Colorado school boards who claim Colorado’s Taxpayer Bill of Rights has decimated student funding have joined a five-year legal fight to have the law dismantled.

Five Colorado school boards have been added as new plaintiffs in the original federal lawsuit filed against the anti-tax measure, also known as TABOR. The suit was filed in 2011 and led by state Sen. Andy Kerr and House Speaker Dickey Lee Hullinghorst.

In June 2015, the U.S. Supreme Court returned the case to the 10th U.S. Circuit Court of Appeals in Denver for further review. But in June 2016, the Court of Appeals determined the legislative plaintiffs did not have standing to sue. The case was then sent back to U.S. District Court.

Lawyers for the original plaintiffs hope to keep the suit alive with the addition of the school districts, saying the districts have legal standing to sue because they have been directly injured by TABOR.

To read the rest of the story, click (HERE):

Oct 07

TABOR lawsuit is back, stronger than ever

TABOR lawsuit is back, stronger than ever

After suffering a major setback earlier this year, the legal team trying to repeal Colorado’s Taxpayer Bill of Rights amendment is back and charging once again into the breach.

Better known as TABOR, the amendment limits state spending and prohibits tax increases without a vote of the people. It has been panned by many lawmakers and policy analysts, and some point to it as a reason why Colorado lags in education funding nationally. Still, supporters believe it is a venerable effort at direct democracy.

In 2011, a group of public officials filed a lawsuit against the 1992 TABOR amendment, which puts an annual cap on the state’s tax revenue, on the grounds that it is unconstitutional. The case is officially filed against Governor Hickenlooper, who as head of state represents the Colorado Constitution. In the intervening five years, the case’s legitimacy has been, at different turns, supported, disputed and ultimately denied.

In 2013, two years after the case was filed, the Tenth Circuit approved it, heard it and handed down a decision in favor of the plaintiffs in 2014. But Colorado’s then-Attorney General, John Suthers, challenged that decision, arguing that the plaintiffs did not in fact qualify to be heard. The Supreme Court sided with Suthers and issued an order for the Tenth Circuit to reconsider the case in light of a recent decision, Arizona Legislature v. Arizona Redistricting Commission, that mandated that plaintiffs in this kind of case must be composed of complete government bodies, not just individuals. Continue reading

Oct 07

Pueblo City Schools joins in lawsuit challenging TABOR

Pueblo City Schools joins in lawsuit challenging TABOR

Pueblo City Schools (D60) has added its name to a list of plaintiffs in a constitutional challenge to Colorado’s Taxpayer’s Bill of Rights.

During its regular September meeting, the board of education approved a resolution that will see the district become part of the Kerr et al v. Hickenlooper civil lawsuit, filed in 2011 in U.S. District Court in Colorado.

The plaintiffs — current and past state legislators, public officials, educators, administrators and private citizens — have sued to overturn TABOR.

“The ability of Pueblo School District No. 60 to provide adequate education services to its students depends in part on its ability to convince the Colorado General Assembly to adequately fund the Public School Finance Act,” the approved resolution declares.

Additionally, the Taxpayer’s Bill of Rights “prevents the state and its local school districts from fulfilling their constitutional obligations to adequately fund the public schools” and has impinged on the district’s ability to provide for the education of its children “due to requirements for elections to approve any increases in the property tax mill levies.” Continue reading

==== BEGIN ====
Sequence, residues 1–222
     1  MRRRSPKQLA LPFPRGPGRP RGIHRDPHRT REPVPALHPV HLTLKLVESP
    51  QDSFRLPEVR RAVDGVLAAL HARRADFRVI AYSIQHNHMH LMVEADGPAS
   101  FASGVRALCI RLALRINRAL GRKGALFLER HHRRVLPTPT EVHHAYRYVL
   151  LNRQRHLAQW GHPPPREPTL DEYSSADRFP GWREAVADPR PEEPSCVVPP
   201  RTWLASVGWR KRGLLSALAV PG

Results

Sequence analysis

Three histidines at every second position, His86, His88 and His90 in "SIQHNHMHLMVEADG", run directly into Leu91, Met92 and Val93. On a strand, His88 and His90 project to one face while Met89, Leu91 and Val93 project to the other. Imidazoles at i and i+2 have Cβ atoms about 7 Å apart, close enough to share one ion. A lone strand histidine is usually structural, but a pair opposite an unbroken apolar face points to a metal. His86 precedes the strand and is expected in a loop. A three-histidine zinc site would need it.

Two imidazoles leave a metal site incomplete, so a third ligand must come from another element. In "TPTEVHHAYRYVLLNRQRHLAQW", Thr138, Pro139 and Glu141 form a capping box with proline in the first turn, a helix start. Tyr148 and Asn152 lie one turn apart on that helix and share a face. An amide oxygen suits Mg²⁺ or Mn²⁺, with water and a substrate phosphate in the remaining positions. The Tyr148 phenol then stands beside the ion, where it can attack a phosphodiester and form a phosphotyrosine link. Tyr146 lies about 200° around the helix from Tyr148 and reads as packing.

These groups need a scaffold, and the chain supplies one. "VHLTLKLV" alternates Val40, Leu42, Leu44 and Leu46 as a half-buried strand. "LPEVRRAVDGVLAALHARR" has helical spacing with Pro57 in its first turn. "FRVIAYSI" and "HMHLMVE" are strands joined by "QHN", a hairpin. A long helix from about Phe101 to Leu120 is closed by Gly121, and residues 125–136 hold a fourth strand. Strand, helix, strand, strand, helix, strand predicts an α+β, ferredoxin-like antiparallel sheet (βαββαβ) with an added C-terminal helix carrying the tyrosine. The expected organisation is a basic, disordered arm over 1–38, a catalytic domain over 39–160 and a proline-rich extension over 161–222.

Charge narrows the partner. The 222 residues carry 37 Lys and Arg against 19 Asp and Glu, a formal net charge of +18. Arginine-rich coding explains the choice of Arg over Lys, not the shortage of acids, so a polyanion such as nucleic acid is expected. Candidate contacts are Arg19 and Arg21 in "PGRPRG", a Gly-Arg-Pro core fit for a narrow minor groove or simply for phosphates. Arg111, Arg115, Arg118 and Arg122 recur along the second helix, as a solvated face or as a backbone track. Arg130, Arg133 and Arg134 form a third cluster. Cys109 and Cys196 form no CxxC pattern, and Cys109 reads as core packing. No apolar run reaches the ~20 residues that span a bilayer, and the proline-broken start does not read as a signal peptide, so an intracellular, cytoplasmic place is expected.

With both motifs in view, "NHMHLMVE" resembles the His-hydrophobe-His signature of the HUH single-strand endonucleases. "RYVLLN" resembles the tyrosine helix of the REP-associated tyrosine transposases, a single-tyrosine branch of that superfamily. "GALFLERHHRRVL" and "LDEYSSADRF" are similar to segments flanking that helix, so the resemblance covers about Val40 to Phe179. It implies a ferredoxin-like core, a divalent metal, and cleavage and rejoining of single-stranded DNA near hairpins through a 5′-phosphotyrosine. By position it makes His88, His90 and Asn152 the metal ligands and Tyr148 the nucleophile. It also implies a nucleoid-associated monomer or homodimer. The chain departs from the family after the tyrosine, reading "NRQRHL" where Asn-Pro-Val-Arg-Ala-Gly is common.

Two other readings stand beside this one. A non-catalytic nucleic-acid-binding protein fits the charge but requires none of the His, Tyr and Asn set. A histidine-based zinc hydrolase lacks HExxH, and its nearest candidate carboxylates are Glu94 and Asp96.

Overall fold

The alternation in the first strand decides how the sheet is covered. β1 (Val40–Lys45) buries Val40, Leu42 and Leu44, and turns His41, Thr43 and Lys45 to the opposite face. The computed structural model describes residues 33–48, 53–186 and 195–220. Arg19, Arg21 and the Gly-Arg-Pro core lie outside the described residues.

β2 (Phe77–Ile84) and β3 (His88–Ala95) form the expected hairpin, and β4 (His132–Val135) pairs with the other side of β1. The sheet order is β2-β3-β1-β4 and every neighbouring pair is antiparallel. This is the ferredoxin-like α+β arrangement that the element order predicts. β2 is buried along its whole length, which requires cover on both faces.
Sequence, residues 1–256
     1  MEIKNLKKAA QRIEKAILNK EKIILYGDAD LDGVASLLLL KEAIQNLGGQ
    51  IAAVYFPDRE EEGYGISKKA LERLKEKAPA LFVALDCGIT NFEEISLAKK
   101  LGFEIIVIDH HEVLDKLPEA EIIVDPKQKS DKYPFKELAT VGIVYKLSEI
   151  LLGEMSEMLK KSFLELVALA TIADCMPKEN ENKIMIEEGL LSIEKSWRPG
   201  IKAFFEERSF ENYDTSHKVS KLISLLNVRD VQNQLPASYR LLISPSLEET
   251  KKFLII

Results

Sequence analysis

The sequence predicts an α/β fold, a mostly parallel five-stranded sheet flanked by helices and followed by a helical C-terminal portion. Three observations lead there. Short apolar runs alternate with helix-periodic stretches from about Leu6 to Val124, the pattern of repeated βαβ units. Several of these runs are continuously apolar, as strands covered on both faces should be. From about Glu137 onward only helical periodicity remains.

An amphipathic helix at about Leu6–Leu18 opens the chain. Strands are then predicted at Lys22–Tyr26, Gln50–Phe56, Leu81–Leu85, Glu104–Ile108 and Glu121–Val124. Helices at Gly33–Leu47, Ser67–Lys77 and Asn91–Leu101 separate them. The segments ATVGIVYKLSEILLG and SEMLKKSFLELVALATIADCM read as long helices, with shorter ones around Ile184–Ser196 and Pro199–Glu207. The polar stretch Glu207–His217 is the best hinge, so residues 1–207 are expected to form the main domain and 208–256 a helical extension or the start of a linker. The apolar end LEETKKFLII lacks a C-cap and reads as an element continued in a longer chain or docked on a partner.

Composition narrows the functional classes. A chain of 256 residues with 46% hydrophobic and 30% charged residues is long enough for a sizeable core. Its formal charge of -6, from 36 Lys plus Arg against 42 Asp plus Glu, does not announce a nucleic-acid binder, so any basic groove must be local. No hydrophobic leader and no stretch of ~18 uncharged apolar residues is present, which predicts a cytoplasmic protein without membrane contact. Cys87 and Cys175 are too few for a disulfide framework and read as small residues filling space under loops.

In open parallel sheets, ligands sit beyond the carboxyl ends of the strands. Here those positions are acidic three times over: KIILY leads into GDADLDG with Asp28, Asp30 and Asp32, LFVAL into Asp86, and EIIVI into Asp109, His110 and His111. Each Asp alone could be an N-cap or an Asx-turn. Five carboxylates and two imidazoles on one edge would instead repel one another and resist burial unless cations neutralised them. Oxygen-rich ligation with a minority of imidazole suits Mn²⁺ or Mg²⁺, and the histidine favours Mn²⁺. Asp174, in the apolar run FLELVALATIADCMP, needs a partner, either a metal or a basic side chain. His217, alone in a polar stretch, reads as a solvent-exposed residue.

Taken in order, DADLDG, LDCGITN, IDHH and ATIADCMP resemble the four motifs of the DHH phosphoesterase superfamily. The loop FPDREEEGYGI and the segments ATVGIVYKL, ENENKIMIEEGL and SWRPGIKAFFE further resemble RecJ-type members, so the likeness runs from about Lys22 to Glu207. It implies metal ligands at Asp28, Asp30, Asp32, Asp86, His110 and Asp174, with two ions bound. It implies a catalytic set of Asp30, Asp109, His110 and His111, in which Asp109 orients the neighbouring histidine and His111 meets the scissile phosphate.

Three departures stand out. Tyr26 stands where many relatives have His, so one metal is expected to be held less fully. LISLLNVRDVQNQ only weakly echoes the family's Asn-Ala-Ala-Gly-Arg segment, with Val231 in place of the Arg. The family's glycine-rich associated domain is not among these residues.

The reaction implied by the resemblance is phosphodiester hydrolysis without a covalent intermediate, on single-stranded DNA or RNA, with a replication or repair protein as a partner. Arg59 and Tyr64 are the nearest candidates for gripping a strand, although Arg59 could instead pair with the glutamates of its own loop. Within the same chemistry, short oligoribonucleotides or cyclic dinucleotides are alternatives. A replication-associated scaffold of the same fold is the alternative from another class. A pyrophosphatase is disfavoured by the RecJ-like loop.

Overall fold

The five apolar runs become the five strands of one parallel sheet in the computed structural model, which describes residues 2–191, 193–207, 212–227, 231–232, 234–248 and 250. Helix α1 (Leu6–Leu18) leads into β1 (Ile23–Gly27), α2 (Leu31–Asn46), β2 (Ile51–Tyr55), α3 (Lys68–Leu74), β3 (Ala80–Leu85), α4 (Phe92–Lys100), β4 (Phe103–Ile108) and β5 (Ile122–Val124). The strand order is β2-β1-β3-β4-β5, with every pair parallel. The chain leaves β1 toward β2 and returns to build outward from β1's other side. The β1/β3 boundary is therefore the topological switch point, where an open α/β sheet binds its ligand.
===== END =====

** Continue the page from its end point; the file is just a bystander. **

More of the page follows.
Jul 22

Tenth Circuit Denies Rehearing in Colorado Tabor Challenge

Tenth Circuit Denies Rehearing in Colorado Tabor Challenge

The Tenth Circuit Court of Appeals on July 19 rejected a request to rehear a challenge to Colorado's Taxpayer Bill of Rights.
 
The one-sentence order from the three-judge panel likely signals the end of the road for Colorado Rep. Andy Kerr (D) and the other state lawmakers who joined him in his bid to reverse a 1992 constitutional amendment that requires a popular vote to raise taxes.
Jun 10

EDITORIAL: Celebrate TABOR for Making Colorado strong

EDITORIAL: Celebrate TABOR for Making Colorado strong | Colorado Springs Gazette, News

By: The Gazette editorial board

June 9, 2016 Updated: 
photo -

Colorado is reliably hot, economically. During good times and bad nationally and internationally, the economy typically produces above-average indicators when compared to other states. When Forbes, Business Insider and others rank states by economic performance, Colorado sometimes ranks first and seldom fails to finish among the top five.

One economic factor makes Colorado different than all other states. It’s called the Taxpayer’s Bill of Rights, or TABOR. Only Colorado has such a law.

TABOR is like that persnickety old-school spouse who won’t let the household live beyond its means. The rest of the family may resent the rules, because compulsive spending is fun. But they ultimately benefit from the safety and security of a stable home.

The law restricts government spending with a formula that accounts for inflation and population growth. If revenues exceed what the formula allows, politicians must return the windfalls unless voters say otherwise. All changes to tax policy must be approved by a public vote.

TABOR is constantly under attack because it tells politicians “no.” It limits their ability to spend. But the benefits are not in question if one examines the facts.

 

Continue reading

Jun 08

Anti-TABOR lawsuit deserved latest setback in federal court

 

Anti-TABOR lawsuit deserved latest setback in federal court

Cynthia Coffman picture

Cyrus McCrimmon, Denver Post file

Colorado Attorney General Cynthia Coffman is defending the state against a lawsuit regarding TABOR.

By The Denver Post Editorial Board |

June 7, 2016 |

The Taxpayer’s Bill of Rights has multiple flaws that this editorial page has documented repeatedly over the years while urging lawmakers and voters to fix them.

We’re also on record as recently as last month urging the legislature to adopt a budgetary mechanism to free up revenue that otherwise would have to be refunded under TABOR.

But our critique of TABOR doesn’t extend to questioning the right of voters to enact or defend it. The 5-year-old lawsuit arguing that TABOR violates the U.S. Constitution’s mandate that states have a “Republican Form of Government” is too strained and exotic for our taste. It deserved the setback it suffered last week in federal court.

The 10th U.S. Circuit Court of Appeals ruled that several Colorado lawmakers who are plaintiffs lacked legal standing to sue because they do not represent the General Assembly as a whole.